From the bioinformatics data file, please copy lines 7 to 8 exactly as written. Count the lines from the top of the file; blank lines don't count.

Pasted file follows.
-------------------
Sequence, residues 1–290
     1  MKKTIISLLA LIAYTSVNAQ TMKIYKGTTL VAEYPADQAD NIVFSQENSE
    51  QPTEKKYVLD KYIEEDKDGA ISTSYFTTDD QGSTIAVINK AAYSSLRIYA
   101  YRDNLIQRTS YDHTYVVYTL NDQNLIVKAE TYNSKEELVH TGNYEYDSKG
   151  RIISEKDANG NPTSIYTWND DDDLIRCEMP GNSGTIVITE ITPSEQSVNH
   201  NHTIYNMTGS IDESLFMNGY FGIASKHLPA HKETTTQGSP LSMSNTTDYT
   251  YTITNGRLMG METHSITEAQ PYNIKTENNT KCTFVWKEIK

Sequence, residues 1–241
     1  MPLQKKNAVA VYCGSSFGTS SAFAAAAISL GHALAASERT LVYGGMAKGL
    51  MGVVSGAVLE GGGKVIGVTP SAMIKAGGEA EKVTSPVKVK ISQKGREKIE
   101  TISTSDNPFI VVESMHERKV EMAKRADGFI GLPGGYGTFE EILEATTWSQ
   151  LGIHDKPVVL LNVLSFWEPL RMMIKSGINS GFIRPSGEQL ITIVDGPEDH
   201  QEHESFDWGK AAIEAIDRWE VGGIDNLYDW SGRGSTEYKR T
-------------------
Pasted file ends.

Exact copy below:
   251  YTITNGRLMG METHSITEAQ PYNIKTENNT KCTFVWKEIK

Sequence, residues 1–241